Rumours about the detection of gravitational waves

These days, the web is full of rumours about a possible discovery of gravitational waves by the LIGO detectors (see for example here). LIGO is a set of several ground interferometers in the US. They recently started operations in their advanced version and have reached a sensitivity that makes a detection in the coming years probable. Has it already happened? Well, the rumour says that a detection occurred simultaneously in two detectors during an engineering run (used to test the apparatus).

This would be an exciting piece of news and a new window opened onto the Universe.

But before rejoicing, this rumour has to be confirmed. And to be frank, most rumours of this type never lead to a confirmation, because many other effects may lead to something that looks like a signal. Remember some years ago the neutrinos that travelled faster than the speed of light. Moreover, in the case of LIGO, there might be an even more devious reason: false signals injected into the detectors. Indeed, because gravitational waves are very difficult to isolate from the background, physicists have invented a “stress-guaranteed” method: a small group of physicists from the collaboration injects a false signal of gravitational waves into the detector without warning the rest of their colleagues, just to make sure that the false signal is identified and interpreted correctly. I was told (but did not check my information) that, on the last time this mischievous deed was performed, the rest of the collaboration had started writing the publication announcing the discovery before being told about the false input. So maybe once again, the LIGO physicists are playing with their own nerves (doing this in a engineering run, and not a scientific one, would be another degree in mischief).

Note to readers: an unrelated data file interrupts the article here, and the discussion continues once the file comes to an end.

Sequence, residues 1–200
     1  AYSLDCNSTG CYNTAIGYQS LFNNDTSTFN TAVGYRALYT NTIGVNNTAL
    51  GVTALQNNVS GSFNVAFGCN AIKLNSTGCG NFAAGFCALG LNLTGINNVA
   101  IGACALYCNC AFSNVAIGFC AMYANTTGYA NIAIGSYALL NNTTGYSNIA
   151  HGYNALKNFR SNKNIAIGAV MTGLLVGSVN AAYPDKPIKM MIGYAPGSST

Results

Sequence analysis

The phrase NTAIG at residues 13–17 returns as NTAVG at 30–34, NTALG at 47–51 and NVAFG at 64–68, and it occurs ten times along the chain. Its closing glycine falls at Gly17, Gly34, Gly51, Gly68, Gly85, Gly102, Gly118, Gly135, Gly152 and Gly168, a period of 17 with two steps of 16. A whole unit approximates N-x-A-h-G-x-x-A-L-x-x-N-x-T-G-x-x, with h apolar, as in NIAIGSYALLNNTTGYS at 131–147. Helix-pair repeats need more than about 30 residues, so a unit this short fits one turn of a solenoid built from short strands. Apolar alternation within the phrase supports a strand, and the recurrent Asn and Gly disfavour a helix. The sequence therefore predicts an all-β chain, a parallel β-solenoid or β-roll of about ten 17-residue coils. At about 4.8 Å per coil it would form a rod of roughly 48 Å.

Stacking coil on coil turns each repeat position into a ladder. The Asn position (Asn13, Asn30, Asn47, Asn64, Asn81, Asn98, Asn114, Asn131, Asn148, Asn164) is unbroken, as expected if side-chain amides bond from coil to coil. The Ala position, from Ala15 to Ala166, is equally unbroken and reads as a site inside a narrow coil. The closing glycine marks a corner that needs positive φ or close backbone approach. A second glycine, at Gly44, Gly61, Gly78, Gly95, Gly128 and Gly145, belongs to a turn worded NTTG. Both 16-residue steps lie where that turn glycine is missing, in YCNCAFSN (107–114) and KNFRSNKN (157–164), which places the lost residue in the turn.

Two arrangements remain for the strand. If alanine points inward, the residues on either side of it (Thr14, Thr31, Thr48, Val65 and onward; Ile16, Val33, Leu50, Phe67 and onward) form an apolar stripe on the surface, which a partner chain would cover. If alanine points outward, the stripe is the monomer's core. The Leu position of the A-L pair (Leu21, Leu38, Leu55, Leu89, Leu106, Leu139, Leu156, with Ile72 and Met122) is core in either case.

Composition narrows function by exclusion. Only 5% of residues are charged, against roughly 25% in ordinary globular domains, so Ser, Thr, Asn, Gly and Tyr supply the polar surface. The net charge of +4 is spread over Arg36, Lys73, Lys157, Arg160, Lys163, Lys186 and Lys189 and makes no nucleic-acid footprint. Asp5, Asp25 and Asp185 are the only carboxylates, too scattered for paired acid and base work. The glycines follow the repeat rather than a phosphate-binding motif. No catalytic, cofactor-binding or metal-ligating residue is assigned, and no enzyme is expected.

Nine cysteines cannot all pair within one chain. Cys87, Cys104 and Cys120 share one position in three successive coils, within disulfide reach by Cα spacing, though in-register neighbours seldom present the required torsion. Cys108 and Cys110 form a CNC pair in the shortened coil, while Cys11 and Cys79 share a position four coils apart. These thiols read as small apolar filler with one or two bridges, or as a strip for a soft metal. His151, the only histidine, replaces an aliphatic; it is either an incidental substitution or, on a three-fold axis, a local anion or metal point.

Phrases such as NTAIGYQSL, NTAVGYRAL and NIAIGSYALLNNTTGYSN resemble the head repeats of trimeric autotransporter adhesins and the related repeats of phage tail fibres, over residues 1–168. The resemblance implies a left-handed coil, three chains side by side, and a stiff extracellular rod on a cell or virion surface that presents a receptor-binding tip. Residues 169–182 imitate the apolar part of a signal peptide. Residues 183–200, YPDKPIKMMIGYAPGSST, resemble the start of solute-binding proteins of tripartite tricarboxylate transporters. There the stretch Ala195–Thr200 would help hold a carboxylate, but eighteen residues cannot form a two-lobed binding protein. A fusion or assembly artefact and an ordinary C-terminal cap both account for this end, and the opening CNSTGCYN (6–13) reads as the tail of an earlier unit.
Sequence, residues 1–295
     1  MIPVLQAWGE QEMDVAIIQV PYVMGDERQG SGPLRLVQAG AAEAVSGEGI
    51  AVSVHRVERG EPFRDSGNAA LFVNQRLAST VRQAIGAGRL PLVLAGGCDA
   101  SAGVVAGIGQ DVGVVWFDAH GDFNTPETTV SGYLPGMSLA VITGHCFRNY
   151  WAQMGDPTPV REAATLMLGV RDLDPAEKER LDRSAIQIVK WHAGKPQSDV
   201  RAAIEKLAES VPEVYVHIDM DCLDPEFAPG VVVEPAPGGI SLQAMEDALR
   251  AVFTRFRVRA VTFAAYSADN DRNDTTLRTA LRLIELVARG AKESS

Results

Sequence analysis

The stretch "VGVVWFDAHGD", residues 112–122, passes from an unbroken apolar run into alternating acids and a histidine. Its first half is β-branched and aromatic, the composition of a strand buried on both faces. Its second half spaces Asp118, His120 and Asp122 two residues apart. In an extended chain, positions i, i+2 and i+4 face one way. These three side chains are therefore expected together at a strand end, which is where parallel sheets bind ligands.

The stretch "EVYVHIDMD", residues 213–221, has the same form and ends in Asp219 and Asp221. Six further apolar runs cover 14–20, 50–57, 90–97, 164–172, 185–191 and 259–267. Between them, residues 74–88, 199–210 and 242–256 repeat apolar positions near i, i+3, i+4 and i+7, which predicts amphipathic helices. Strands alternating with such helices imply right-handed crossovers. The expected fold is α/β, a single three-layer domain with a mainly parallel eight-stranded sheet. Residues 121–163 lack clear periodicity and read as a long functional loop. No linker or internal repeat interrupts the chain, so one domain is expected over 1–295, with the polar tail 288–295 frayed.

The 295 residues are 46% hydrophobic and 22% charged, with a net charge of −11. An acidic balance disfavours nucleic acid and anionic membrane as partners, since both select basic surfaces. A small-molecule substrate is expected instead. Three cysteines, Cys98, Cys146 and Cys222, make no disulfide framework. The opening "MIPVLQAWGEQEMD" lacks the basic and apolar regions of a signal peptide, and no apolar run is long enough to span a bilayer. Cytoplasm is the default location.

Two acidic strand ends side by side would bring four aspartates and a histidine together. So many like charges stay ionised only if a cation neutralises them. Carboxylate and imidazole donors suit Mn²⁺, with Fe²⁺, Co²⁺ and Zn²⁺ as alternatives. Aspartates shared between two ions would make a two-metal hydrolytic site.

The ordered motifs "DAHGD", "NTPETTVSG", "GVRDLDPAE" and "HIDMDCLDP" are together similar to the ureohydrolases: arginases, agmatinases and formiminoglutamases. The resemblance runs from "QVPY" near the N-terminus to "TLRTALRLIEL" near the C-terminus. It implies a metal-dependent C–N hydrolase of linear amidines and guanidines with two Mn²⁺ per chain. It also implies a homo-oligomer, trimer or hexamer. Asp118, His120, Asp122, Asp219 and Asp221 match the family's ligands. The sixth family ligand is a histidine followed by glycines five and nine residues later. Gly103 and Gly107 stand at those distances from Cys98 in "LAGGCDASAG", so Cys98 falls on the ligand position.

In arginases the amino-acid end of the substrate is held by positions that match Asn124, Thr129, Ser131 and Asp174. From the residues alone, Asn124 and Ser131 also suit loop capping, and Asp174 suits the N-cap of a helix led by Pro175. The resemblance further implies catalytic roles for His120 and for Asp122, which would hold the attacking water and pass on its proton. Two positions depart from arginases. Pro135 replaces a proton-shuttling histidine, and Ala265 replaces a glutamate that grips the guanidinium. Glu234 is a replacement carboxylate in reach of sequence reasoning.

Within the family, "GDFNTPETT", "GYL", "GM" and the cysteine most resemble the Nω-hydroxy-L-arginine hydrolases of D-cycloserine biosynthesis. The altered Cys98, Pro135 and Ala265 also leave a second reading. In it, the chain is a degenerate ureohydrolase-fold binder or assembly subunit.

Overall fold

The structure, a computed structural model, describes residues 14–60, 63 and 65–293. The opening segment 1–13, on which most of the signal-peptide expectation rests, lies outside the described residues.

In any case, if this rumour turns out to be real, it will probably take several months before the news is confirmed. There is no competition to the LIGO/Virgo detectors (which operate jointly, the Advanced Virgo detector in Europe being ready next year) and so one can imagine that the physicists will take their time to check and recheck the data before announcing such a ground-breaking discovery.


Pierre Binétruy


  • Peter Gehrke

    After all scientists are human and the ease of publishing in the internet and spreading spectacular news via the social networks creates a huge temptation to be the first to harvest fame and research budgets. I guess many scientists crave for the times when well edited and reviewed journals were the main platform for publication of discoveries.

    • Gravity!

      Dear Peter,
      You are right. But one should be fair to the LIGO/Virgo collaboration whose members have been mute about this rumor, neither confirming nor invalidating it. If they found anything, they should take their time to make sure that this is a discovery, all the more because this would be a major one. There is, at this point, no competitor, which helps in making a sound analysis of the situation. This is different when there is a strong competition between different experiments, which sometimes leads to a rushed publication of results which can be more damaging than simple rumors.
      Pierre Binétruy.

    • Neil McLellan

      Background here including “Mornings are a lost cause, thanks to the sonic chaos from traffic rumbling along the nearby interstate highway, trains roaring past and loggers occasionally unleashing their chainsaws on plantations of pine trees!”

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